|Naval history of Great Britain
||Light Squadrons and Single Ships
The determined resistance of this corvette, the dangers of the shore, and the crippled condition of the Sirius, owing to the facility with which the smoothness of the water had enabled the French to use their guns, prevented the frigate from pursuing the remainder of the flotilla ; although several of the vessels appeared much disabled, and had been compelled, before the Bergère struck, to cease firing and make off.
The loss sustained by the Sirius amounted to one master's mate (William Adair), five seamen, and three marines killed, and one acting master (James Brett), one master's mate (John Robinson), one midshipman (Meyricke Lloyd), 12 seamen, and five marines wounded, nine of them dangerously. The loss on the part of the Bergère, which must have been severe, has been accidentally omitted in the official account.
Although the execution done to the Sirius shows the advantages under which these heavily-armed small-craft act in smooth water, yet, had it been daylight, the probability is, that more than one would have become prize to the British frigate. The gallantry of Captain Prowse in the affair derives additional merit, from the handsome manner in which he notices the good behaviour of M. Chaunay-Duclos, the commodore of the flotilla.
On the 21st of April, at daybreak, latitude 30° 45' south, and longitude 30° 5' east, as the British 74-gun ship Tremendous ; Captain John Osborn, and 50-gun ship Hindostan, Captain Alexander Fraser, with a light wind at east-north-east, were escorting a homeward-bound fleet of Indiamen, numbering 11 sail, the French 40-gun frigate Canonnière (late British frigate Minerve *), Captain César-Joseph Bourayne, was discovered to leeward steering south-south-west. Ordering the Hindostan by signal to lead the fleet, the Tremendous made sail in chase of the frigate ; who, having hauled her wind on the starboard tack, bore from the former at noon west by south, and the convoy south-east. Favoured by the lightness of the breeze, the Canonnière outsailed the 74, and would have weathered her, had not M. Bourayne, by the appearance of land ahead and to windward, been obliged to bear up. This, with an increase of the breeze at about 2 P.M., enabled the Tremendous to gain so upon the frigate, that at 3 h. 30 m. P.M. the latter, hoisting her colours, opened a fire from her stern-chasers, and received a return fire from the bow-guns of the 74.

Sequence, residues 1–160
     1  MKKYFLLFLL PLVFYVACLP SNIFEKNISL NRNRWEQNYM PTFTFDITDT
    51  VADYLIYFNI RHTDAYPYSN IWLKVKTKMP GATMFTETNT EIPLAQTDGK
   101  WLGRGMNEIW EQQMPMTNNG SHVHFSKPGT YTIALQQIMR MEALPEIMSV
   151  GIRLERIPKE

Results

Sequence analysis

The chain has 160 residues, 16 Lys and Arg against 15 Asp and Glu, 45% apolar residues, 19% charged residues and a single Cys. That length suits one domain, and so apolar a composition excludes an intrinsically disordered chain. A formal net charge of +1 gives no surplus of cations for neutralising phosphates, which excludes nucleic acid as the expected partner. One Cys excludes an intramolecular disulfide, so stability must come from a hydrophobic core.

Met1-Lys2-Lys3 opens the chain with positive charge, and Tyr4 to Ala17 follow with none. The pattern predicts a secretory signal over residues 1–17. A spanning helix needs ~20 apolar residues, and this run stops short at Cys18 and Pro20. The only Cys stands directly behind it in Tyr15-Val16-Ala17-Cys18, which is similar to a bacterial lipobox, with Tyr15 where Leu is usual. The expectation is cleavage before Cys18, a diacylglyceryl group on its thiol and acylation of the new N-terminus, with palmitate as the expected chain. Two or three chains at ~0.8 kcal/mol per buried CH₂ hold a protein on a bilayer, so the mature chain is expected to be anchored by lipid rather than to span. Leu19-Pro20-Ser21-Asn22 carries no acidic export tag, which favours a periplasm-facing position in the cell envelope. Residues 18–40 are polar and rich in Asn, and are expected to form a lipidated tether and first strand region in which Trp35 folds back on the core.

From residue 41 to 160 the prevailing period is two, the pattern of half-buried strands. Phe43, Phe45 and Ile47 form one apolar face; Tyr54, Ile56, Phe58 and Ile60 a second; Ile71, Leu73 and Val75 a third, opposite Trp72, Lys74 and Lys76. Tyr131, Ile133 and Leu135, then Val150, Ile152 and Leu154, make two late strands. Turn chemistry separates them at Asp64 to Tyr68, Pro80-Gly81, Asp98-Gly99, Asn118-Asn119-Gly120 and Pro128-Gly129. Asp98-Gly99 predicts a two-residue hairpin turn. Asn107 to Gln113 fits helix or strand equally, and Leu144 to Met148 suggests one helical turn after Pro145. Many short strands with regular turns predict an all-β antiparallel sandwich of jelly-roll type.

At 4 P.M., finding herself closely pressed, the Canonnière gradually hauled up on the larboard tack ; as did also the Tremendous, keeping upon her opponent's larboard quarter, and firing her guns as they could be brought to bear. By occasionally luffing up, the frigate got her whole broadside to bear, and thereby considerably damaged the rigging and sails of the 74. The latter, notwithstanding, rather fore-reached upon the
* See vol. iii., p. 190,
^ back to top ^